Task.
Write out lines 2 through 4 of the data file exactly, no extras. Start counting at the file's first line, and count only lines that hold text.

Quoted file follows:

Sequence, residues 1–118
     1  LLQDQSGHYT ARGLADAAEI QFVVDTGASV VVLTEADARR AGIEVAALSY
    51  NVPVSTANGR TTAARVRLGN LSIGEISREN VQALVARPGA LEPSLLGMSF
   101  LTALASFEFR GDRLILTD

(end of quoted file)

     1  LLQDQSGHYT ARGLADAAEI QFVVDTGASV VVLTEADARR AGIEVAALSY
    51  NVPVSTANGR TTAARVRLGN LSIGEISREN VQALVARPGA LEPSLLGMSF
   101  LTALASFEFR GDRLILTD